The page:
Be careful with relative error
When looking at sensor datasheets or similar documents there is a subtlety about relative error that may not be immediately apparent. Relative error is quoted as a percentage of the reading, but in some cases the range of interest to you might be small and have a large offset from zero.
Let’s take an extreme case. Imagine you have a temperature sensor that reads in Kelvin and you are measuring human skin temperature. It’s contrived I know, but bear with me here. In this case, your measurement range of interest is going to be around 300 K to 315 K. Now image you have a sensor with a relative error of 0.5%. Sounds good doesn’t it? Unfortunately that means that at a reading of 305 K (31.85 °C), your error is going to be 1.525 °C. That is slightly over 10% of your range—not so great anymore. Note that I was optimistic with the range size as well (you’re probably not going to be measuring skin temperatures around 40 °C), which makes the error even worse.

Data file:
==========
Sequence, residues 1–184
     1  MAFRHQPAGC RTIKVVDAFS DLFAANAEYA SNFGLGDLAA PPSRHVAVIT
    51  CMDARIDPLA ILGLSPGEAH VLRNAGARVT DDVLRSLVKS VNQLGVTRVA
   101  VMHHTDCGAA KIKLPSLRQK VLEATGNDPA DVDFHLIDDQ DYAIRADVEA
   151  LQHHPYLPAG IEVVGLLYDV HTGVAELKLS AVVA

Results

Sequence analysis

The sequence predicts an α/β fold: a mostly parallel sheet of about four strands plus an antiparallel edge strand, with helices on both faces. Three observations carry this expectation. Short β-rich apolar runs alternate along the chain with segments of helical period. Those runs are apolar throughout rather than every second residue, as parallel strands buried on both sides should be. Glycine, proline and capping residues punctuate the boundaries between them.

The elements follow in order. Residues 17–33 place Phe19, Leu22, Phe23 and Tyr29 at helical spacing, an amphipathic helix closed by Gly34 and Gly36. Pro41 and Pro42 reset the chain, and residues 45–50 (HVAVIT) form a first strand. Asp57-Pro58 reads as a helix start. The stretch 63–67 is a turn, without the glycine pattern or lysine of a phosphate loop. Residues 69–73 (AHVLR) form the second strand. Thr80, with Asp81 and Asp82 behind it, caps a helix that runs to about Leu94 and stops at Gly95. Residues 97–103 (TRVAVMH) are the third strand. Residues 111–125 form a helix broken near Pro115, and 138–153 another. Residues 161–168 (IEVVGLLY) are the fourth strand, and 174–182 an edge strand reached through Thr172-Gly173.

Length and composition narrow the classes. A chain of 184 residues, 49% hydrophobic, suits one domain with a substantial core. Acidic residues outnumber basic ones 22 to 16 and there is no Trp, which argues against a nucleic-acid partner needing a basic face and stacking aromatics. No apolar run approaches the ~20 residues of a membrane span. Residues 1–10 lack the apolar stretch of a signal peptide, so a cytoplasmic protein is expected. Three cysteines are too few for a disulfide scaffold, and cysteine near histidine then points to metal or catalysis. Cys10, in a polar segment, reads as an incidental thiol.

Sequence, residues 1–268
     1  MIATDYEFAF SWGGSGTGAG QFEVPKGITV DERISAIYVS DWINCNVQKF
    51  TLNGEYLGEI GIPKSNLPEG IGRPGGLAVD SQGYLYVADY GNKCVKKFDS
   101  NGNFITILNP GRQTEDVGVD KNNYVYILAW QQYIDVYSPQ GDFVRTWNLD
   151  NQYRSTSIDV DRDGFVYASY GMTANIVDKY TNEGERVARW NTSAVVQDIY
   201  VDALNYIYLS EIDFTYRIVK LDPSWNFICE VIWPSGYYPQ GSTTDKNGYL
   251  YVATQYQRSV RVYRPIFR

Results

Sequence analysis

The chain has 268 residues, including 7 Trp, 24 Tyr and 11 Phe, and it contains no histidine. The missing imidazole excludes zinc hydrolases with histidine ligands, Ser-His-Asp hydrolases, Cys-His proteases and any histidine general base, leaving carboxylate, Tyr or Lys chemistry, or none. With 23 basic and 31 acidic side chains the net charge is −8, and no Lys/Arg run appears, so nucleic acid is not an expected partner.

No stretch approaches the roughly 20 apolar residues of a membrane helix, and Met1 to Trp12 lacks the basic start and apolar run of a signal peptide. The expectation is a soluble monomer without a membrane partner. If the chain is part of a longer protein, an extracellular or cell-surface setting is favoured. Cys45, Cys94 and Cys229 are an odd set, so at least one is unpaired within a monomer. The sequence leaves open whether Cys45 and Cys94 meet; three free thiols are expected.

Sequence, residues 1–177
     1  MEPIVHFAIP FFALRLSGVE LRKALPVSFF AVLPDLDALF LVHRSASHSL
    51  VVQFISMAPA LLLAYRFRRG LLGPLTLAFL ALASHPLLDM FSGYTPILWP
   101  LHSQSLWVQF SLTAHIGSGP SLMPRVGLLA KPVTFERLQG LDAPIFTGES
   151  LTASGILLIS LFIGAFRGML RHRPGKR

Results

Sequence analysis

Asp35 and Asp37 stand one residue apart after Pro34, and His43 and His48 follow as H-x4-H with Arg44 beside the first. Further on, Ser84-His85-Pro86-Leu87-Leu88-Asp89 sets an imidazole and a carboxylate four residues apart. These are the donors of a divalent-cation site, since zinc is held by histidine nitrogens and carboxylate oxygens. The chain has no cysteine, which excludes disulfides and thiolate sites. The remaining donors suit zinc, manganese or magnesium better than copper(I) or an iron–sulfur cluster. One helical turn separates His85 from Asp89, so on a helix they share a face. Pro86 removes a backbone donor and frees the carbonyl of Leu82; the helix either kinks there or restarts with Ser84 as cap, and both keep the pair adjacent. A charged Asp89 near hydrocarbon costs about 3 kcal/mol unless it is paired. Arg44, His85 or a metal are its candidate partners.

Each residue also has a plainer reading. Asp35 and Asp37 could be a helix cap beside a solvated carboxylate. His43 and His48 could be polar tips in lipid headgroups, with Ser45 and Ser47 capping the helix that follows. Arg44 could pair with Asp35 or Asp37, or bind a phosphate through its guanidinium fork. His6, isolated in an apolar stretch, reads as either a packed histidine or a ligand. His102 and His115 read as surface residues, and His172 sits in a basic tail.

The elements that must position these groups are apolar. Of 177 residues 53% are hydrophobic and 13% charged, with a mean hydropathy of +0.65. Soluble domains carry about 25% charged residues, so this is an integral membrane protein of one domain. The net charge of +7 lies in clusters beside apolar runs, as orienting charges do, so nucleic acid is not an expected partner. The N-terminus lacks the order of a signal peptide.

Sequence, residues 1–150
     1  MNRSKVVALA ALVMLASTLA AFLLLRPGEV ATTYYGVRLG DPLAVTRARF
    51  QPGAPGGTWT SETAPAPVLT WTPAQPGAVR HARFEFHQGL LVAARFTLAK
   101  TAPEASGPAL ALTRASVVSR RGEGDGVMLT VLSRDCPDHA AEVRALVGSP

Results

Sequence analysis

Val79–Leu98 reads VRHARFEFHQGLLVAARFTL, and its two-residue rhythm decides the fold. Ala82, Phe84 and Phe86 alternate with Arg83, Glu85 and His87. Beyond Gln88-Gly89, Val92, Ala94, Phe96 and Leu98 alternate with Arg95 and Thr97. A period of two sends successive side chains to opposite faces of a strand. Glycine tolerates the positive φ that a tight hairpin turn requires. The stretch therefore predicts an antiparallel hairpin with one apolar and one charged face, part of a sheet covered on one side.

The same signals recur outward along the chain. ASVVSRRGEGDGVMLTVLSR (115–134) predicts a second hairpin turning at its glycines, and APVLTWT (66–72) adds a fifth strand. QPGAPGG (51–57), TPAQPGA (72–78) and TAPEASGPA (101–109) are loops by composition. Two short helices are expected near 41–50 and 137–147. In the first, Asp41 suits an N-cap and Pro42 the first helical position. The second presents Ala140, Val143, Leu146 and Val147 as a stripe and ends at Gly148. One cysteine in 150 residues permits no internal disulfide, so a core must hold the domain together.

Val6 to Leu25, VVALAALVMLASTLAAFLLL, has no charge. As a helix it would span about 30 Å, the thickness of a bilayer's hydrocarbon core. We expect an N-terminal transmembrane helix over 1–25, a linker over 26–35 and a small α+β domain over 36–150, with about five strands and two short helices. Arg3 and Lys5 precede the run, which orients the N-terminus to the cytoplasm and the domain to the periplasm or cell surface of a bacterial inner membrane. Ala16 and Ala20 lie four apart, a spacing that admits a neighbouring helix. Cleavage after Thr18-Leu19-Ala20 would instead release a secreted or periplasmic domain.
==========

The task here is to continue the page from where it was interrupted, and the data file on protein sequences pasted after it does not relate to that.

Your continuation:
How does this translate to a more sensible measurement approach? In most cases you won’t have to worry. Op-amps historically have problems when the inputs have large DC offsets because the difference in the inputs becomes tiny versus the absolute input values. Weighing people is something I’m looking at currently, where a 1% relative error in the scales becomes more like a 2.25% error compared to the useful range. Not a crippling problem, but something to be aware of.